This chart suggests Australian jobs growth will slow, increasing the risk of rate cuts

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  • Based on recent statements from the RBA, only a further improvement in Australian labour market conditions will likely be enough to prevent a rate cut in the period ahead.
  • Based on the latest batch of Australian PMIs released by the Ai Group, it might not be long until the RBA is called into action.
  • Businesses surveyed in April said staffing levels were reduced at the fastest pace in six years, suggesting employment growth will slow in the months ahead.

In the absence of an unexpected acceleration in underlying inflationary pressures, it now appears that only a further improvement in Australian labour market conditions will be enough to prevent the RBA from cutting official interest rates.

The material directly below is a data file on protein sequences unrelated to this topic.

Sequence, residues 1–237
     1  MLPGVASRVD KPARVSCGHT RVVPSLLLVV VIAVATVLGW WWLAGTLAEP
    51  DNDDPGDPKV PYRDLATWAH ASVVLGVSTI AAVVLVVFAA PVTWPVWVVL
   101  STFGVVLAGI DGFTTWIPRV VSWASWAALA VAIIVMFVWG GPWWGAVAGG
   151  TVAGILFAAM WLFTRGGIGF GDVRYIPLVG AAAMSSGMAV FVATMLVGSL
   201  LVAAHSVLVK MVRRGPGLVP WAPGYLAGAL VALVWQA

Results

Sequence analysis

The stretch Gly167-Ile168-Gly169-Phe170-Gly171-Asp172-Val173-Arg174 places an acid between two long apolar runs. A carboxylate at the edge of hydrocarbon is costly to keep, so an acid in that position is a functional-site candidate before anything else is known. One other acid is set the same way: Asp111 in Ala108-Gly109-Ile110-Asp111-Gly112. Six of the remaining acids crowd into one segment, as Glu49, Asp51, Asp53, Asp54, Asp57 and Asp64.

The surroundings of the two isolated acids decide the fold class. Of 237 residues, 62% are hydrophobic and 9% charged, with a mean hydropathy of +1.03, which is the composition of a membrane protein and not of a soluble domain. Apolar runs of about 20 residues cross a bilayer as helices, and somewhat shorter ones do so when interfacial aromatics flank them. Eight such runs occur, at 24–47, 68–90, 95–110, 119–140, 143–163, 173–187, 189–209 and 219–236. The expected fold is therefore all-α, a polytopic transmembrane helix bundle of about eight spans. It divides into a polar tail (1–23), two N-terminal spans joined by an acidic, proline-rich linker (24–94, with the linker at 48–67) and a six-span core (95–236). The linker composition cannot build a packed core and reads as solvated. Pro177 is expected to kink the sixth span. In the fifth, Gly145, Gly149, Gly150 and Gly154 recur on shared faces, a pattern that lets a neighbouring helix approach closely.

According to the chart below from UBS, it may not be all that long until to RBA is called into action.


Shown in black, it’s known as Australia’s “All-economy employment PMI”, a measure of changes in staffing levels based on firms surveyed by the Ai Group as part of its monthly manufacturing, services and construction PMIs.

A figure below 50 indicates staffing levels were cut. The distance away from 50 reveals how fast the decline was.

UBS has weighted the series to account for the size of each sector, meaning the movements are primarily influenced by changes in services industries, the largest employer in Australia.

In April, the employment PMI tanked, falling to the lowest level in six years.

More often that not in the past, movements in the employment PMI have led changes in employment growth, indicated by the blue line in the chart.

If the responses from businesses are on the money in April, employment growth could come to a halt in the months ahead.

Should such a scenario play out, potentially leading to a lift in unemployment depending on changes in participation rates in the workforce, it will substantially increase the risk of a RBA rate cut in the months ahead.

That’s presuming the bank doesn’t change the parameters on what will eventually boost inflation, of course.

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